We would not have expected that an excursion into nature would lead us here of all places. In the midst of tall office buildings, she seems far away, but that is deceptive. Because on the roof of Pavilion 6 of the Paris exhibition halls is the largest city garden in the world. Over 30 different types of fruit, vegetables and herbs grow here, some of them aeroponic.
Aero what? The garden guide Julie, who greets us at a height of 20 meters, will describe this to us. We look at field-like systems on the flat roof, surrounded by high-rise buildings - and in the distance we spy the tip of the Eiffel Tower! But now, pay attention, because Julie explains the concept of Nature Urbaine, the operator of this area with a total of 14,000 square meters. On average, it yields around 200 kilograms of fruit and vegetables per day.
Customers are supermarkets, hotels and restaurants in the area. Because the city garden should not only bring more nature into the metropolis, but also shorten transport routes for food. That's why residents can also rent one of 135 raised beds, which they manage themselves and which we are now examining: in some, parsley, carrots and heads of lettuce grow in a rather unconventional way, in others herb and vegetable areas have been neatly arranged.
Everywhere busy bees are on the move, while the traffic noises only faintly penetrate from below: We are actually in Paris, and yet in the middle of a vegetable field! Julie lets us city dwellers guess what is actually growing there: So this is what chard looks like! We recognize the mint immediately - at least when we hold our noses to the leaves. We discover aubergines, peas and – the more advanced – nasturtiums, which we even get to taste. "Flowers to eat?!" a boy shrieks enthusiastically.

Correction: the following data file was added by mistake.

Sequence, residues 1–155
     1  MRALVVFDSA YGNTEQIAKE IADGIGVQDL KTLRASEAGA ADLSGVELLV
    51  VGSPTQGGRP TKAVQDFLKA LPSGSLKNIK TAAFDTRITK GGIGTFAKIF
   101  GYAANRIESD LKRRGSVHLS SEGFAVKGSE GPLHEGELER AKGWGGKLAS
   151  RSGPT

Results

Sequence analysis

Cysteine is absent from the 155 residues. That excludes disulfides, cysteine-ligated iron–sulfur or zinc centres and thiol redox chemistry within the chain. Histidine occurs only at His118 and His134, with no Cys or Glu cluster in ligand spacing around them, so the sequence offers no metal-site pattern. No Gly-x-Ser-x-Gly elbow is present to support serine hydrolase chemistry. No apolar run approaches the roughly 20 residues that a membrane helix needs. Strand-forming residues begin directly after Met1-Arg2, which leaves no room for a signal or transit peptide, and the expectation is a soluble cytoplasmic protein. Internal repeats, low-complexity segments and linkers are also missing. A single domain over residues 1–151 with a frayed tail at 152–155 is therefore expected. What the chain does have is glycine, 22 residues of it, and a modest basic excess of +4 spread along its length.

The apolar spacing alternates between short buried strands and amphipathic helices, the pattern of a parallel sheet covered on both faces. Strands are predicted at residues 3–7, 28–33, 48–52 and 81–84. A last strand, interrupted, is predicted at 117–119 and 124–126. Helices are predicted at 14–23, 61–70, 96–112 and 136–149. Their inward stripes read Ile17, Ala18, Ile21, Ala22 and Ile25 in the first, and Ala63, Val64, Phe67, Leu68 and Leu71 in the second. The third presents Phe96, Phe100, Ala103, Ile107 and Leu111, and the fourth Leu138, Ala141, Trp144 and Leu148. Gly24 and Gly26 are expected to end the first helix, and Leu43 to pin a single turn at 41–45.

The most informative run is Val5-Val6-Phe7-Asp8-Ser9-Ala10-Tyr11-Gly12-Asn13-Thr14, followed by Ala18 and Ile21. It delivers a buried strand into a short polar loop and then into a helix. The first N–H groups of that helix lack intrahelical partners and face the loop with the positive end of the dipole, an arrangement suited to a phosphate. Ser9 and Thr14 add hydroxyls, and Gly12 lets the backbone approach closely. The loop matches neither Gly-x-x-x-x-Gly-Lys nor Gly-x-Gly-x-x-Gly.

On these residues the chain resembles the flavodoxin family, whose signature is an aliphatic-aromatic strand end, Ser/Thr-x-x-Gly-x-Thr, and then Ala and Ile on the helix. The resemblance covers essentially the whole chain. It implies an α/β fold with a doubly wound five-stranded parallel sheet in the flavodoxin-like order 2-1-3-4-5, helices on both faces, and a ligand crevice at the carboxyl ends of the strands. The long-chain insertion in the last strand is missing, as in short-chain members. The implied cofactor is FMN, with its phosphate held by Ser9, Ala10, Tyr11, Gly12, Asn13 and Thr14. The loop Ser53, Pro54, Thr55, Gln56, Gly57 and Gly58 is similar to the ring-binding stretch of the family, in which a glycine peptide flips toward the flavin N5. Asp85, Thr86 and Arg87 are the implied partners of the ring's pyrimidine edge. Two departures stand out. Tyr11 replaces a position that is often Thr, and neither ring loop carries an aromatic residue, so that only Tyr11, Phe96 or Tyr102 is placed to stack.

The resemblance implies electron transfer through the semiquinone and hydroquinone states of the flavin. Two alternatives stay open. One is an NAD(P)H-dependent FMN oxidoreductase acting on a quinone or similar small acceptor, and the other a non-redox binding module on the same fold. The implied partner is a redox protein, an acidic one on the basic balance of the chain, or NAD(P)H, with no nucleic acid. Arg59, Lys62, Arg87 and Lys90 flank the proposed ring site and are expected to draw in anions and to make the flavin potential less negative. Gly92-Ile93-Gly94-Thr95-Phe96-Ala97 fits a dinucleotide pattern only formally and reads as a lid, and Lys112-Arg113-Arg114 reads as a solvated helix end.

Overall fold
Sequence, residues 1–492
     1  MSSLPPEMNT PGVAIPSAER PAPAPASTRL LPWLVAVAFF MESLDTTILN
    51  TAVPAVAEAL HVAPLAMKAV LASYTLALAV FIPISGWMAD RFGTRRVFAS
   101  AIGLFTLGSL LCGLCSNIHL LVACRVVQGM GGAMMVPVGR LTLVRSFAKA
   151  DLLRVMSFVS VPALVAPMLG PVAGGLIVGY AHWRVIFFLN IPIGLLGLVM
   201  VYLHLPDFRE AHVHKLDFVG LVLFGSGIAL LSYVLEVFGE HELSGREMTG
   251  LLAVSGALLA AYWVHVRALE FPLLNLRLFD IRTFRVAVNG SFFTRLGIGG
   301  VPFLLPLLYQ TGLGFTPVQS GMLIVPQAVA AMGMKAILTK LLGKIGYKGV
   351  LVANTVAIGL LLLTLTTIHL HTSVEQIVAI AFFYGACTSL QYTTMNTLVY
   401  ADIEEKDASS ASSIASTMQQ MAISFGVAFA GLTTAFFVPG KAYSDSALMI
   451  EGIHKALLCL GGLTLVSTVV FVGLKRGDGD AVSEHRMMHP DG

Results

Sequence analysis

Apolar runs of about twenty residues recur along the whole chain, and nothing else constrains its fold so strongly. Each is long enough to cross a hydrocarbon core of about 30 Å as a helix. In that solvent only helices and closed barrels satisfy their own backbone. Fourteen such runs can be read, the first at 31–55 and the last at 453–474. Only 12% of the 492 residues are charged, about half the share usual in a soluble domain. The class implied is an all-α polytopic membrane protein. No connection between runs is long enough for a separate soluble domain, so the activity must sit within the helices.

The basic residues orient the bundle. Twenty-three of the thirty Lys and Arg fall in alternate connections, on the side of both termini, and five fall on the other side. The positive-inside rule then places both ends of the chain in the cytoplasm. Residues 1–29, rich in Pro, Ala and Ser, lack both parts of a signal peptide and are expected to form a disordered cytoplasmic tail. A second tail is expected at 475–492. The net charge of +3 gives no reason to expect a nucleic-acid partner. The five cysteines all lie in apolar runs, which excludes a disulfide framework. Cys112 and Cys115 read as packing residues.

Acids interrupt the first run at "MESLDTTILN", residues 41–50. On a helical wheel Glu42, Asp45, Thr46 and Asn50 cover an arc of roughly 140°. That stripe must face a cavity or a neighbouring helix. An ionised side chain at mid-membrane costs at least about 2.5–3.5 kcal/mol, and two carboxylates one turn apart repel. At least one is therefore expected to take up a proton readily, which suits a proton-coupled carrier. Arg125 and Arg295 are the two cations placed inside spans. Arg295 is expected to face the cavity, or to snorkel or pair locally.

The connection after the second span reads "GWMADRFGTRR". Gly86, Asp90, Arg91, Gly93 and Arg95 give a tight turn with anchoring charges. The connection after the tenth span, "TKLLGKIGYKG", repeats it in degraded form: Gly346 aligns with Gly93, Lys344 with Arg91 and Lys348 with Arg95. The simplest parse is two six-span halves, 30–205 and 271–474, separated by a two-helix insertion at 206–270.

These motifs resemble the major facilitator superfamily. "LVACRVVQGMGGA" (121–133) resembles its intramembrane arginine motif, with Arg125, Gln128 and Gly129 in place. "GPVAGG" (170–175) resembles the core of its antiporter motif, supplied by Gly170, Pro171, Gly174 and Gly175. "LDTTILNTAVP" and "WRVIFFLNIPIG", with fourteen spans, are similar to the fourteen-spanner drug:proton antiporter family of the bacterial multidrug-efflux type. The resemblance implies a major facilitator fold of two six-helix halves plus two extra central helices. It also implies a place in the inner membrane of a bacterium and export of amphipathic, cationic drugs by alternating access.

Next door, rows of strawberries grow in small pots on pillars. The fruits are ripe and shine appetizingly red, but just grab them? We don't dare.
Instead, we now find out what aeroponic cultivation is all about: The plants grow on top of each other, which allows for a significantly higher yield. In this way, for example, 52 lettuce can be grown in one square meter, compared to just nine with traditional cultivation, explains Julie. The roots are not stuck in the ground, but are supplied with a liquid nutrient solution that constantly runs through the columns, so that hardly any of it is lost. Julie opens a trough full of water from which several hoses lead.
Finally, she has good news for us, whose mouths have been watering for a long time: "Here are still a lot of strawberries that want to be eaten!" We can eat the ripe, but surprisingly not very sweet fruits as we please serve while our hostess brings crackers and savory jams made from green tomatoes and peppers, along with nasturtiums.
More nature in the middle of the city, with a view of the Eiffel Tower and Paris at our feet, is not possible.
The roof garden can be visited as part of a guided tour (entrance: 2 avenue de la Porte de la Plaine, metro line 12, Porte de Versailles station). The tours last one to two hours; they are available in French several times a week, request tours in English at nu-paris.com/contact. Cost: 15 euros for a 1-hour guided tour, 25 euros for a guided tour and tasting (nu-paris.com).
The article is an excerpt from the recently published book "Paris - City Adventures" by travel book author Birgit Holzer, Michael Müller Verlag/mm-wandern.de. The book describes 33 experiences in and around Paris that are extraordinary and take place off the usual tourist routes.